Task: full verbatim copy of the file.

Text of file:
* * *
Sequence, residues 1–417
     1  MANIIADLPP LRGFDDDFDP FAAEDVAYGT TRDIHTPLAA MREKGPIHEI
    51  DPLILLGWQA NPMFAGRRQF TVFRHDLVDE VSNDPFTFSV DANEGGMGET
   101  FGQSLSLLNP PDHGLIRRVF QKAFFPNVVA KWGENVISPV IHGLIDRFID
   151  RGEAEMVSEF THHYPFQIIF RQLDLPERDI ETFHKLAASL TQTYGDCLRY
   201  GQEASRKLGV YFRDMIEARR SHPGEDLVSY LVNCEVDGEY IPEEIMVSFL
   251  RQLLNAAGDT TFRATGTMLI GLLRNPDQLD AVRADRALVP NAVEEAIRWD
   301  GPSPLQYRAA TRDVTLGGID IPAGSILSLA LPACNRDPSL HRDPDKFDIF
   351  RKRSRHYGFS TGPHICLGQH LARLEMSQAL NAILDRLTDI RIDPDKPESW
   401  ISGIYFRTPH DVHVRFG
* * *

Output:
Sequence, residues 1–417
     1  MANIIADLPP LRGFDDDFDP FAAEDVAYGT TRDIHTPLAA MREKGPIHEI
    51  DPLILLGWQA NPMFAGRRQF TVFRHDLVDE VSNDPFTFSV DANEGGMGET
   101  FGQSLSLLNP PDHGLIRRVF QKAFFPNVVA KWGENVISPV IHGLIDRFID
   151  RGEAEMVSEF THHYPFQIIF RQLDLPERDI ETFHKLAASL TQTYGDCLRY
   201  GQEASRKLGV YFRDMIEARR SHPGEDLVSY LVNCEVDGEY IPEEIMVSFL
   251  RQLLNAAGDT TFRATGTMLI GLLRNPDQLD AVRADRALVP NAVEEAIRWD
   301  GPSPLQYRAA TRDVTLGGID IPAGSILSLA LPACNRDPSL HRDPDKFDIF
   351  RKRSRHYGFS TGPHICLGQH LARLEMSQAL NAILDRLTDI RIDPDKPESW
   401  ISGIYFRTPH DVHVRFG